Determining Horizontal Asymptotes in Math: Step-by-Step Guide for Rational Functions and Illustrative Example

Look for horizontal asymptotes

To find horizontal asymptotes, there are a few key steps you can follow:

1

To find horizontal asymptotes, there are a few key steps you can follow:

1. Determine the degree of the numerator and the denominator of the rational function. The degree is the highest power of the variable in the polynomial expression.

2. Compare the degrees of the numerator and the denominator. There are three possible scenarios:

a) If the degree of the numerator is less than the degree of the denominator, then the horizontal asymptote is y = 0 (the x-axis).

b) If the degree of the numerator is equal to the degree of the denominator, then the horizontal asymptote can either be y = 0 or a horizontal line determined by the ratio of the leading coefficients of the numerator and the denominator. This can be found by dividing the leading coefficient of the numerator by the leading coefficient of the denominator. If the ratio is a constant, then that constant is the equation of the horizontal asymptote. If the ratio is infinity or undefined (such as when the leading coefficient of the denominator is 0), then there is no horizontal asymptote.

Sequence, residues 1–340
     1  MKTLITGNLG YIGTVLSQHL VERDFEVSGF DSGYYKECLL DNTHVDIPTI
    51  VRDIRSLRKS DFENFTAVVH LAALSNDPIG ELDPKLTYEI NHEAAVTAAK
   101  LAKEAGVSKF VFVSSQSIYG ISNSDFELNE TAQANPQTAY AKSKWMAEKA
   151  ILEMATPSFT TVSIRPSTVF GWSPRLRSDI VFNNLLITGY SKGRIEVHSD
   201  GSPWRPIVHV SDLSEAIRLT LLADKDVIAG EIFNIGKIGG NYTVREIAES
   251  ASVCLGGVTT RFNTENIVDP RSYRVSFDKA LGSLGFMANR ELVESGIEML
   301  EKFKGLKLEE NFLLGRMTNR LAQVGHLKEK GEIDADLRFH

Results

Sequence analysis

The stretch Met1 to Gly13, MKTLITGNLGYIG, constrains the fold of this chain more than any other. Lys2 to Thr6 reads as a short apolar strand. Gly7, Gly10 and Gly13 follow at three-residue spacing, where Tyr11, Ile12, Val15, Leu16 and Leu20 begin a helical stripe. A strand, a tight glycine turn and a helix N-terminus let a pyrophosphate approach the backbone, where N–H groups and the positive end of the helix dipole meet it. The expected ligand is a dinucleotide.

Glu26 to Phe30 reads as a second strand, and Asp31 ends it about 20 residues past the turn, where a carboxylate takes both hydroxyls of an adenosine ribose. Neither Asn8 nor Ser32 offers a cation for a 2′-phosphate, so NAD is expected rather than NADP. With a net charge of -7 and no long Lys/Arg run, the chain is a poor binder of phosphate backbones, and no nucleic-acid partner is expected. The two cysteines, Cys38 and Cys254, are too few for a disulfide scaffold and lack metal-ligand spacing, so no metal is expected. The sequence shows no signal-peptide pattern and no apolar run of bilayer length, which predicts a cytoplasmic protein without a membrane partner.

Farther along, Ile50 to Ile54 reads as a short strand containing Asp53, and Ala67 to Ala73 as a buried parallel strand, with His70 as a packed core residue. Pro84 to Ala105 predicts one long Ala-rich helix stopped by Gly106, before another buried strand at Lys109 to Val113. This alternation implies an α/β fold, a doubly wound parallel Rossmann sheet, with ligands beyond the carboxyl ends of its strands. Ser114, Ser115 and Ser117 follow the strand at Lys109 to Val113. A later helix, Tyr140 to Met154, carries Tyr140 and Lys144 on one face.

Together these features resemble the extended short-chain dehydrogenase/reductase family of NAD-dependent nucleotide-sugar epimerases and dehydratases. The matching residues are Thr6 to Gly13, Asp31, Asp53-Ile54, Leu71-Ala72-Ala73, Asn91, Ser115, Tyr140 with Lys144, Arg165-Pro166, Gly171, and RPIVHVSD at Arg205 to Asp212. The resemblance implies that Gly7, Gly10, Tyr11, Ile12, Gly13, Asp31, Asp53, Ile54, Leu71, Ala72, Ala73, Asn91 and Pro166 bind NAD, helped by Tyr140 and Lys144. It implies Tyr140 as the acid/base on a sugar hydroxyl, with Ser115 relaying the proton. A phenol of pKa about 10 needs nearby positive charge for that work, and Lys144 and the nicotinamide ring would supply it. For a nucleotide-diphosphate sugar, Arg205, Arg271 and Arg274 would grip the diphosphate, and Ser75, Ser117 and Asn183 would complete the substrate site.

c) If the degree of the numerator is greater than the degree of the denominator, then there is no horizontal asymptote. Instead, the graph will have an oblique (slant) asymptote.

Let’s illustrate these steps with an example:

Consider the rational function f(x) = (3x^2 – 2x + 1) / (2x^2 + 5x – 4).

Step 1: Determine the degree of the numerator and the denominator. The degree of the numerator is 2 (highest power of x) and the degree of the denominator is also 2.

Step 2: Compare the degrees.
Since the degrees of the numerator and denominator are equal, we move on to calculating the ratio of the leading coefficients.
The ratio of the leading coefficients is 3/2.

Therefore, the equation of the horizontal asymptote is y = 3/2.

In this example, we have a horizontal asymptote at y = 3/2 and no oblique asymptote.

Keep in mind that these steps apply to rational functions, which are functions expressed as the ratio of two polynomials. Other types of functions may not necessarily have horizontal asymptotes.

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